We can’t help but live in stories.
But you may not find the story you’re living (the one that opens or closes possibilities for you) in your thoughts. In fact, the narrative you’ve taken up in your life may hardly be visible to you by looking there at all.
Mostly, the stories we’re inhabiting that shape us so much are in the background. Or, put another way, they’re often so close to us we can’t see them. See this previous post, this one, and this one, for an idea of what I mean.
So, where to look?
You could start off by watching your actions closely for a while: who you speak to and who you avoid, and what you actually say; how you get your needs met; how you ask for things; the kinds of places you go; what you do impulsively or repeatedly; what you pay attention to and what not. So often what we’re doing is not what we think we’re doing, and our familiar explanations of ourselves miss so much.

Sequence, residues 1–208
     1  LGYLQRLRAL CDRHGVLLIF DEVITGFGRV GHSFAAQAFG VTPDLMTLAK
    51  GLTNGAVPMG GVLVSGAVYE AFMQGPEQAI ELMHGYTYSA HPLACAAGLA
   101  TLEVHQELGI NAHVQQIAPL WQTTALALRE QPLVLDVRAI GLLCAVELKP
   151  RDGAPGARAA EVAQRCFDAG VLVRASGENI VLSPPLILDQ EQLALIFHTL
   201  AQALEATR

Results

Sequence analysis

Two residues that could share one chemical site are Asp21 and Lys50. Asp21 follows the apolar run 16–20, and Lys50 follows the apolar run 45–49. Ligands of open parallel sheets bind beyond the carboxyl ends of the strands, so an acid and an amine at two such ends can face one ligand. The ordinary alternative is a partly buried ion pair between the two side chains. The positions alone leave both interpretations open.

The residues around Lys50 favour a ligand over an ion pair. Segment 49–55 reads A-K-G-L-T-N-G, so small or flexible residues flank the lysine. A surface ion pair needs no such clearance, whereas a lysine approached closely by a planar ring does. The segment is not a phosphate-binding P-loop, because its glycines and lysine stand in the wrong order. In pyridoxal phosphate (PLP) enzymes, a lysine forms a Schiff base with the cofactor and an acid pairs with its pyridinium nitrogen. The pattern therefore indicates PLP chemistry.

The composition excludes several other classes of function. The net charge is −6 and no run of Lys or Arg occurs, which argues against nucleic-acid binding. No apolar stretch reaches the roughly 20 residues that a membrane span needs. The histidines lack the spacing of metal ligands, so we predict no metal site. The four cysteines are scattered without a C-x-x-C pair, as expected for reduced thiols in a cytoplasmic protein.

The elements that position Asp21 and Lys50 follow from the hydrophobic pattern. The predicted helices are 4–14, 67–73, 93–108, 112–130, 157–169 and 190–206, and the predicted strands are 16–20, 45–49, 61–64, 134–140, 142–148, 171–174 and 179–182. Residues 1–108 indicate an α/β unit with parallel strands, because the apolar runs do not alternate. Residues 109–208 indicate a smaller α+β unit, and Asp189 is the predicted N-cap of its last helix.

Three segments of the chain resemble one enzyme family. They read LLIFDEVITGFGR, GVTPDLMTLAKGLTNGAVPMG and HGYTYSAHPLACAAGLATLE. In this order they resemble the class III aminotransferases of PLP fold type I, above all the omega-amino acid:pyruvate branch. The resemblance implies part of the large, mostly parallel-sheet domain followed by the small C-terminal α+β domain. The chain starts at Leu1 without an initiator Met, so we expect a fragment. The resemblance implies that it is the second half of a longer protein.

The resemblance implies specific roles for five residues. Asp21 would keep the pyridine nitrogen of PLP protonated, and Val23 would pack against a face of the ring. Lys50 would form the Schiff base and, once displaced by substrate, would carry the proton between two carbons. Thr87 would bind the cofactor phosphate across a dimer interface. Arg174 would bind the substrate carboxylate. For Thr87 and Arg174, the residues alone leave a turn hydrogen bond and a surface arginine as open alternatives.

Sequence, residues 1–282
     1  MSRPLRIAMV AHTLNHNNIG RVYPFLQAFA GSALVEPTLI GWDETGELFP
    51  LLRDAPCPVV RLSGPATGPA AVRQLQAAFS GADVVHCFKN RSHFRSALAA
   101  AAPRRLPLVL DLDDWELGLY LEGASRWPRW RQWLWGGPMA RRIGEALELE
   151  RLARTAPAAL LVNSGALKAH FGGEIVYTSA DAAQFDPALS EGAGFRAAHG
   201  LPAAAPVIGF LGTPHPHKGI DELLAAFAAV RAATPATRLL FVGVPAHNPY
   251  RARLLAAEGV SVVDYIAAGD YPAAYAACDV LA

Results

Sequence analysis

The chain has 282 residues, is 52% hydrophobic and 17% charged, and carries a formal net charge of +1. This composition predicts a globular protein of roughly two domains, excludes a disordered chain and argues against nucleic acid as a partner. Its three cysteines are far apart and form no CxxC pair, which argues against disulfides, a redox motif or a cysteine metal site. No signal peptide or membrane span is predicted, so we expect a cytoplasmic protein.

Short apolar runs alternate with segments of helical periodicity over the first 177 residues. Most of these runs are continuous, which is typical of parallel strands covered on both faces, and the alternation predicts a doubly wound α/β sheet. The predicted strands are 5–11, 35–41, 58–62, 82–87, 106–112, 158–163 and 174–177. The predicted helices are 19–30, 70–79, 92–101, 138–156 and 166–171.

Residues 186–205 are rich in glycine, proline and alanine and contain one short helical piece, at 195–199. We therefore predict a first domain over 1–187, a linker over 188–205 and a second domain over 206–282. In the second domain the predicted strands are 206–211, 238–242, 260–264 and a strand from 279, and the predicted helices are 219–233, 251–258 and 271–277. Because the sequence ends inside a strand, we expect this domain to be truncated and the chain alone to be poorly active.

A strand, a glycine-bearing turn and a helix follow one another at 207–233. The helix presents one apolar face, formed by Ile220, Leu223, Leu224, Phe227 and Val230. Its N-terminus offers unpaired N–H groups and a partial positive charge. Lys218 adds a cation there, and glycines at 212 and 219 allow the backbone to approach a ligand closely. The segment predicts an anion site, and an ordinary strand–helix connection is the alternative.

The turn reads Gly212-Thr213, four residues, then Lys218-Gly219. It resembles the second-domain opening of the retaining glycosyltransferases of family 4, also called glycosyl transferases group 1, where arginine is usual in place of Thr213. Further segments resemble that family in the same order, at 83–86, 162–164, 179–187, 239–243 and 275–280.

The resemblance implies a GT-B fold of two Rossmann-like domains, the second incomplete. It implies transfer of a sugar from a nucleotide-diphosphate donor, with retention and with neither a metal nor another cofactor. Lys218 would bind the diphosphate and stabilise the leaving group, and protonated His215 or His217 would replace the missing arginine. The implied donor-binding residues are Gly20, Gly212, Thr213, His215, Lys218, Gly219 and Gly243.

And you could watch what happens in your body: when you tighten up, and when you relax; the situations in which you hold your breath more than usual; when you collapse – even just a little – and when you are able to support yourself with more strength; when you armour yourself so you won’t have to feel something; when strong emotions – love, disgust, rage, hope, resentment, gratitude, fear – arise.
What kind of story accounts for what you find?
Sometimes a compassionate, skilled observer who’s willing to share their impressions can help: a friend, a family member, a colleague, or a coach. They may be able to find words to express what’s harder for you to see about the narrative from which you’re living, leading, and acting.
Seeing our stories for the first time can be enormously liberating. Because then you can find out that you are not the story itself. You’re way bigger than that. And you can allow yourself to have your story rather than being had by it.
And this, at last, opens up the possibility that there are other stories you could live – stories with much more space in them, and way more possibility.